If your physician has recommended surgery for the repair of your hernia, you should consider an innovative procedure called laparoscopic hernioplasty ("lap-hernia" for short). Lap-hernias are less-invasive procedures than traditional hernia surgeries: the incisions are smaller; there is less discomfort; and the recovery time is shortened.
A hernia is a protrusion of an internal organ or other tissue through a weakened muscle or supporting tissue which normally contains it. The term is usually used to describe a protrusion of the intestine through a weak area in the muscular abdominal wall. This kind of hernia can be seen or felt.
The most common type of hernia is the inguinal, or groin hernia. This type of hernia, occurring in the extreme lower part of the abdomen, can be found in males and females of any age. Because of anatomical differences, it is most commonly found in males.
Other abdominal hernias include femoral hernias (lower abdomen to thigh), epigastric hernias (between navel and breastbone), umbilical hernias (near the navel, usually in babies), Paraumbilical hernia (near the navel), and incisional hernias (occur around old surgical scars).
Hernias may cause no significant symptoms which allows may people to live with them for years. More commonly, hernias may produce a dull aching sensation or an occasional sharp pain. Other symptoms may include nausea, constipation, or a sense of fullness. Some hernias may heal themselves with physician prescribed supportive garments. Umbilical hernias in children often disappear by the age of 5.
Inguinal hernias cannot heal themselves and require surgery to repair. If left untreated, inguinal hernias can enlarge or cause serious complications including bowel obstructions.
To repair an inguinal hernia laparoscopically, the surgeon makes three small incisions in the patient's abdomen. Unlike the three-inch incision made in traditional open surgery, these incisions do not traumatize muscle tissue, so patients experience much less pain after surgery and return to normal activity within a week.
There are two techniques for Lap-Hernia repairs. The first one includes placing tubes, or trocars, inside the abdominal cavity and repairing the hernia internally. This is called an "intraperitoneal repair." The newer technique places the trocar and instruments behind the abdominal wall, but not inside the abdominal cavity. This is called a "pre-peritoneal repair." A unique feature of this approach allows repair of bilateral or "double" hernias simultaneously with faster recuperation. The surgeon then inserts a trocar into each of the abdominal incisions. A laparoscope, which consists of a small video camera and light source, is inserted near the navel. The camera sends actual images to a monitor, which allows the surgeon to "see" the hernia itself.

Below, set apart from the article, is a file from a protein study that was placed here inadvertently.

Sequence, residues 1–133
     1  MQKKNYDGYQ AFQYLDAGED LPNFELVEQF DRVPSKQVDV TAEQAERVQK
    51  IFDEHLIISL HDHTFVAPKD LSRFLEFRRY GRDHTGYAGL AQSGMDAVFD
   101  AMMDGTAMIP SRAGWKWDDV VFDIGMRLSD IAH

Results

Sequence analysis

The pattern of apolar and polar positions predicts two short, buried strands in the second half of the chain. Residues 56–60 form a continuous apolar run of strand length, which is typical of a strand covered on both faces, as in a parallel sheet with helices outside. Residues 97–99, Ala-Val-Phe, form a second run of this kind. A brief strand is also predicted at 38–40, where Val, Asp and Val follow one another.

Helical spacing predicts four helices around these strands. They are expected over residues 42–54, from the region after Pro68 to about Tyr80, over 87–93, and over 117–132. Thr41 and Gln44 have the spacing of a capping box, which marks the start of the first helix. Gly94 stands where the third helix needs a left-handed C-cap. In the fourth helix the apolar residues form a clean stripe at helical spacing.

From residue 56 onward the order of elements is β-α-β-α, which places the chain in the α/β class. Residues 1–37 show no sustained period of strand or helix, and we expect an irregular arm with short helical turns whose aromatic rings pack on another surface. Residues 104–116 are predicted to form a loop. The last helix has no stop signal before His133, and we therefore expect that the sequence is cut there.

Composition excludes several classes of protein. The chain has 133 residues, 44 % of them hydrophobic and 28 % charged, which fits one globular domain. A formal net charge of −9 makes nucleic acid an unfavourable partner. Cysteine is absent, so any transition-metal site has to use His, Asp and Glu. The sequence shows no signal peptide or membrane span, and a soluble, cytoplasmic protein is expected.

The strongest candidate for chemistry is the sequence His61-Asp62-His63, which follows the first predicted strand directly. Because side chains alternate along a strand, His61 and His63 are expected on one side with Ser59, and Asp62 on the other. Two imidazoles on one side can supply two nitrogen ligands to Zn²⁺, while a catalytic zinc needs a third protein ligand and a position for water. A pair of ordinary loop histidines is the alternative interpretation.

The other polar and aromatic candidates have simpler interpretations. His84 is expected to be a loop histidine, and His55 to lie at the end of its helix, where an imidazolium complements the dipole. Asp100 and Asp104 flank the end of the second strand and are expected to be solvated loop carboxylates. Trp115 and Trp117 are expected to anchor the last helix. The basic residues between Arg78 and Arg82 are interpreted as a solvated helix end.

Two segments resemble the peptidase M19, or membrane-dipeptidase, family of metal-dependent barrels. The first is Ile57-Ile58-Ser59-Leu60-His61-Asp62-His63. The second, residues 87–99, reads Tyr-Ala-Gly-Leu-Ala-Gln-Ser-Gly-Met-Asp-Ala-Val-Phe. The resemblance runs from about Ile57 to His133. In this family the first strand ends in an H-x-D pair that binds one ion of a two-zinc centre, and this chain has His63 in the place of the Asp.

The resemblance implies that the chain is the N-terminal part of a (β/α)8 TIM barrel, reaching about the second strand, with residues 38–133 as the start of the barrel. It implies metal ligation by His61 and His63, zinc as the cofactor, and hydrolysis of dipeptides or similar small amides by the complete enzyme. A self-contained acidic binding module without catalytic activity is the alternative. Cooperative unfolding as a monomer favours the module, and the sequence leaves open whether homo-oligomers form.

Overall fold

A variety of surgical instruments can now access the hernia site through the second and third tubes. Through one tube, the surgeon uses a grasper to gently manipulate the tissue surrounding the hernia and to position a mesh patch that covers the weakened area in the muscle wall. Through the other tube, the surgeon attaches the mesh patch to the abdominal wall with staples or sutures. The mesh becomes a strong and permanent part of the wall.
While each case is unique, a Lap-Hernia can take less than an hour and can be done as an outpatient procedure. It does however, require general anesthesia, which leaves patients sleepy for as much as a day after surgery. Patients need to make arrangements for safe transportation home. It is always recommended that patients also have someone to stay with them for the first 24 hours.
The pain from the small incisions is usually gone in a day or two, and at that point, it is possible to resume normal activities such as driving a car or returning to light work.
Full activity is frequently permitted within about two weeks, but a check-up in the surgeon's office is recommended before resuming strenuous activities such as heavy lifting or participation in sports.
Hernia repair is one of the most commonly performed surgeries in the United States. Close to half a million are done annually - many using less invasive techniques. In fact, the number of lap hernias being performed is expected to double in the next year.
While the benefits of Lap-Hernia can be brought to many patients who suffer from painful hernias, a thorough evaluation by your physician is the best way to determine your eligibility.
DeKalb Clinic's surgeons are specifically trained in laparoscopy and offer Lap Hernia repair as a choice for eligible hernia patients.
For more information or an appointment, call the DeKalb Clinic at (815) 758-8671. Some patient insurance may require referrals from primary care physicians. To make an appointment with a primary care physician, call DeKalb Clinic's Internal Medicine Department at (815) 758-8671.